Before, I could see Kyle Rittenhouse being found not guilty. Now, having seen the rest of the evidence, I’d be shocked if he’s convicted of anything more than a weapons charge
Lawyers are scheduled to deliver their closing arguments Monday in the Kyle Rittenhouse trial, and then the case will go to the jury.
If I were a member of that jury, I expect I would reluctantly vote to acquit Rittenhouse of the most serious homicide charges based on the evidence that he was acting in self-defense when he shot three people in Kenosha in August 2020.
That’s without the benefit yet of hearing those closing arguments. Prosecutors might still be able to pull together their case in a more compelling manner than they have managed so far.
And it’s also without knowing the jury instructions about the applicable law, which possibly could leave room for a compromise verdict on a lesser charge that would reflect the truth — which is that Rittenhouse was hardly faultless when he shot two people to death and very nearly killed two more.
But the evidence is the evidence, and I don’t expect the legal instructions to significantly change the outcome.
In the moments before he pulled the trigger, it’s pretty clear Rittenhouse had valid reasons to fear for his safety — first from a mentally unhinged man chasing him with full knowledge that he was carrying an AR-15 rifle and later from what he perceived as a mob violently attacking him to avenge the first shooting.
The mob’s motives — such as stopping an active shooter who was running away to bring him to justice — might offer a justification for their actions.
But it doesn’t nullify Rittenhouse’s own perception of events and the actions he took to defend himself.
After seeing the rest of the evidence this past week, let me take it a step further. I will be shocked if he’s convicted of anything more than underage possession of a dangerous weapon.
As someone who has made no secret of his predisposition against Rittenhouse and those of his ilk who would hold him up as some sort of hero, I thought I ought to put that opinion out there before people start reacting to a possible verdict they don’t understand.
I’ve watched the entire trial on television, which is not quite as good as being in the courtroom, but I don’t think I’ve missed much.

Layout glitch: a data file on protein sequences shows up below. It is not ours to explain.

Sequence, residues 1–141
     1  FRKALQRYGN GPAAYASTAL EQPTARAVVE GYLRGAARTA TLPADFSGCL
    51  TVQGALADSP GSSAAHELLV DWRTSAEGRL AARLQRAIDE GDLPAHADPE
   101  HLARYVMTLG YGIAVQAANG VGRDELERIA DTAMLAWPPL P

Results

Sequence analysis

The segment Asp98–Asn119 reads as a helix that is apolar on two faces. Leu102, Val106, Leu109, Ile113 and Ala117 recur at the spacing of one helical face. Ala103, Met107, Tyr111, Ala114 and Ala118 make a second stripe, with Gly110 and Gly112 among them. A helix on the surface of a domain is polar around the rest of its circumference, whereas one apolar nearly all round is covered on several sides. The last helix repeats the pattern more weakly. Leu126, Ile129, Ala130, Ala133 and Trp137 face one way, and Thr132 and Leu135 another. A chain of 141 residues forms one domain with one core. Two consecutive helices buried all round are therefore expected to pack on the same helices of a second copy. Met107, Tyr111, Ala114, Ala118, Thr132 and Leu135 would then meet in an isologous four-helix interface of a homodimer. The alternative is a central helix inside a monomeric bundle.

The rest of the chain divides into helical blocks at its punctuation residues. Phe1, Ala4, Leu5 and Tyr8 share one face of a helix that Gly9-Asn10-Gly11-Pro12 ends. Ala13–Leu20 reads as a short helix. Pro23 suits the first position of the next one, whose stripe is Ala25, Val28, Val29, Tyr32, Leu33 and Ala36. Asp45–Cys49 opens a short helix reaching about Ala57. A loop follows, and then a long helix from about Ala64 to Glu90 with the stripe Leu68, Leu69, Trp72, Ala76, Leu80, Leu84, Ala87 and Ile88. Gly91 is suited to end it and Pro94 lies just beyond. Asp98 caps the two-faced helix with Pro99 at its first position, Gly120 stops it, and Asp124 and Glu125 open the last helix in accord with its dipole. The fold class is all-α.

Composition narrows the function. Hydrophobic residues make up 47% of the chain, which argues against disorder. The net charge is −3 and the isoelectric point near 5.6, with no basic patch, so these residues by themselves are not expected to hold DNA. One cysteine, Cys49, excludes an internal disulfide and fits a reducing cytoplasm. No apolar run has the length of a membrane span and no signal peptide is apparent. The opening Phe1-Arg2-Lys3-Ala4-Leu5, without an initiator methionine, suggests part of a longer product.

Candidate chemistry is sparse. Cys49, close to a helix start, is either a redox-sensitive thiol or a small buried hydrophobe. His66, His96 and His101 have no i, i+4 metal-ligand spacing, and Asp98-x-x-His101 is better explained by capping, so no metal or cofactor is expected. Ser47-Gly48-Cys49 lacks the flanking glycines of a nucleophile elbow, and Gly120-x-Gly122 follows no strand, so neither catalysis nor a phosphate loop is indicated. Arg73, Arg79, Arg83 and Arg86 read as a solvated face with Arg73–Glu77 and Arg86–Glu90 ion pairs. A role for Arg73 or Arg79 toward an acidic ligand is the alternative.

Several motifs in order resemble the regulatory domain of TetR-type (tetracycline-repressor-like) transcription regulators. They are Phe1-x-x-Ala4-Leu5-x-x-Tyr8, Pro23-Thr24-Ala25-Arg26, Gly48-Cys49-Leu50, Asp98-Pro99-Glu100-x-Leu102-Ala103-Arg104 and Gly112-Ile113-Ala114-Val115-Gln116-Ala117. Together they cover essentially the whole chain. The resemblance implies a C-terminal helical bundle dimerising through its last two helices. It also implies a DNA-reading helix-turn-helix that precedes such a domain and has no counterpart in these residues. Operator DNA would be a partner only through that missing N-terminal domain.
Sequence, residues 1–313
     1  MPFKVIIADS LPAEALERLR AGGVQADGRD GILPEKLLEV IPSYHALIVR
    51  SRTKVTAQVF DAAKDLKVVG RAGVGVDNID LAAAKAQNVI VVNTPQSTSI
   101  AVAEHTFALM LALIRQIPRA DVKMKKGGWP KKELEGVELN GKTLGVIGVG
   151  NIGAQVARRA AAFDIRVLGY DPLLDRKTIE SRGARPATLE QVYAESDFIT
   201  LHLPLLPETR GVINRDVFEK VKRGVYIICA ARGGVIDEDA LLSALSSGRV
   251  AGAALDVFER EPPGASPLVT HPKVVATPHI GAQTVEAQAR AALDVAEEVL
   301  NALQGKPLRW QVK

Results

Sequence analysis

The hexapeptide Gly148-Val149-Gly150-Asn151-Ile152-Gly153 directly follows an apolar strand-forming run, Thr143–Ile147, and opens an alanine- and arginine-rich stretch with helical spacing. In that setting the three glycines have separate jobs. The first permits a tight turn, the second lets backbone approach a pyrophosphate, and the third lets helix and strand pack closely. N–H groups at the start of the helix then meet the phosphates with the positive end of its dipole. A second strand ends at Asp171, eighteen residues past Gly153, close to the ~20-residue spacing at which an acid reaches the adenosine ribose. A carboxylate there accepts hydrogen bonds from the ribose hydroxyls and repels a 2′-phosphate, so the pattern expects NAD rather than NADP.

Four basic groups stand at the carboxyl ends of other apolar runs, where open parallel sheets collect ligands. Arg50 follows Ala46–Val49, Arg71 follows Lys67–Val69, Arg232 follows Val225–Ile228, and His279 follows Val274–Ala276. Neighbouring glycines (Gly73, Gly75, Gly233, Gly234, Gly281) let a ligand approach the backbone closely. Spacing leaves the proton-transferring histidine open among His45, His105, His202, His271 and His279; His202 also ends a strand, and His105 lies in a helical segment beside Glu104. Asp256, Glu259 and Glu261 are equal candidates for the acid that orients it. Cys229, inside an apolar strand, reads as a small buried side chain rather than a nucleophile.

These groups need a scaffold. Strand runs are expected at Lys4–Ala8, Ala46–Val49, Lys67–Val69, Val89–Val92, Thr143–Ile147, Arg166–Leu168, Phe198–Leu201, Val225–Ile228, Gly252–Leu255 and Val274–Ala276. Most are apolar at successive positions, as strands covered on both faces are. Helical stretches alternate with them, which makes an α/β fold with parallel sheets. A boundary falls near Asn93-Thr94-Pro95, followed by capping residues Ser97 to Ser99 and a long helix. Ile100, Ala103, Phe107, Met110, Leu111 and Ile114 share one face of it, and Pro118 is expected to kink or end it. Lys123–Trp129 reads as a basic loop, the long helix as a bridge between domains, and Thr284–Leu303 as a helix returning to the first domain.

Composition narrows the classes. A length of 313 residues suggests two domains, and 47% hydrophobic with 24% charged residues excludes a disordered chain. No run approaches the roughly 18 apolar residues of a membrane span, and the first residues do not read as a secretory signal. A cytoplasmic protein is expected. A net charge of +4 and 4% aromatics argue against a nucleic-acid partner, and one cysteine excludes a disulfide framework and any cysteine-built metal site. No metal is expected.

I saw Rittenhouse crying on the witness stand. I wasn’t sympathetic, but I found it genuine. I’m sure Rittenhouse feels very badly — for himself.
Even though I think an acquittal would be a proper verdict, I’d still come away from the Rittenhouse trial believing that to be an unjust result.
It was Rittenhouse’s reckless foolishness as a 17-year-old who chose to play volunteer lawman amidst a hostile crowd while toting an AR-15 rifle — a gun he was too young to own — that ultimately is the cause of getting those people killed.
But nobody foresaw the need to create a law covering underage vigilantism, and, as a result, an acquittal would result in his trial sending a message that his actions were OK.
Rittenhouse would then be allowed to go through the rest of his life believing exactly what he said on the witness stand: “I didn’t do anything wrong. I defended myself.”
The fact remains that Rittenhouse had no business being there that night. Without him in the equation, nobody is dead.
Some readers seemed to mistake my stated distaste for Rittenhouse and his vigilante friends as a preference for the troublemakers who tried to tear apart Kenosha under the guise of paying their respects to Jacob Blake, a Black man shot by one of that city’s white police officers.
I thought I made it pretty clear I have no tolerance for either group.
The people on the far left and the far right are tearing our country apart.
I’d rather neither of them used this verdict to justify more of the same.